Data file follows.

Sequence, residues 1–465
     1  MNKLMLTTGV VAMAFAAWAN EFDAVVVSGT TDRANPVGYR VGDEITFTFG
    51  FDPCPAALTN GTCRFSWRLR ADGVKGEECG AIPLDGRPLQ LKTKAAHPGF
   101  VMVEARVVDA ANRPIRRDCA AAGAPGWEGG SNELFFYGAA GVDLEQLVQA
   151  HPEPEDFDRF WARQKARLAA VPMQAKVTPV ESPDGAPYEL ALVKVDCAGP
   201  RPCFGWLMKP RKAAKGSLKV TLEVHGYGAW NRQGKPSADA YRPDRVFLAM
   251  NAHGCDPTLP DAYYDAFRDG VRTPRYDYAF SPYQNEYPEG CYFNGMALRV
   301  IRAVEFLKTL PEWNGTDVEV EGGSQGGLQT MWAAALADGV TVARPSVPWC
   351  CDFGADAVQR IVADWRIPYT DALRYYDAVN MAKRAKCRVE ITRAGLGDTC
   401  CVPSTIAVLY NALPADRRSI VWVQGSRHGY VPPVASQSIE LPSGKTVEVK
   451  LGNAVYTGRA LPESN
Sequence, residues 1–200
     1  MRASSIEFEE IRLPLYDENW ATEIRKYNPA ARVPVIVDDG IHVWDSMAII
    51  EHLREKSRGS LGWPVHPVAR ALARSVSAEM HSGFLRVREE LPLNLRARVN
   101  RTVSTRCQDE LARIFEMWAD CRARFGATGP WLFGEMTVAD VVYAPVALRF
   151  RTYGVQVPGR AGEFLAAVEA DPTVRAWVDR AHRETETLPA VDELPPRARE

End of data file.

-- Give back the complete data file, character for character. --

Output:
Sequence, residues 1–465
     1  MNKLMLTTGV VAMAFAAWAN EFDAVVVSGT TDRANPVGYR VGDEITFTFG
    51  FDPCPAALTN GTCRFSWRLR ADGVKGEECG AIPLDGRPLQ LKTKAAHPGF
   101  VMVEARVVDA ANRPIRRDCA AAGAPGWEGG SNELFFYGAA GVDLEQLVQA
   151  HPEPEDFDRF WARQKARLAA VPMQAKVTPV ESPDGAPYEL ALVKVDCAGP
   201  RPCFGWLMKP RKAAKGSLKV TLEVHGYGAW NRQGKPSADA YRPDRVFLAM
   251  NAHGCDPTLP DAYYDAFRDG VRTPRYDYAF SPYQNEYPEG CYFNGMALRV
   301  IRAVEFLKTL PEWNGTDVEV EGGSQGGLQT MWAAALADGV TVARPSVPWC
   351  CDFGADAVQR IVADWRIPYT DALRYYDAVN MAKRAKCRVE ITRAGLGDTC
   401  CVPSTIAVLY NALPADRRSI VWVQGSRHGY VPPVASQSIE LPSGKTVEVK
   451  LGNAVYTGRA LPESN
Sequence, residues 1–200
     1  MRASSIEFEE IRLPLYDENW ATEIRKYNPA ARVPVIVDDG IHVWDSMAII
    51  EHLREKSRGS LGWPVHPVAR ALARSVSAEM HSGFLRVREE LPLNLRARVN
   101  RTVSTRCQDE LARIFEMWAD CRARFGATGP WLFGEMTVAD VVYAPVALRF
   151  RTYGVQVPGR AGEFLAAVEA DPTVRAWVDR AHRETETLPA VDELPPRARE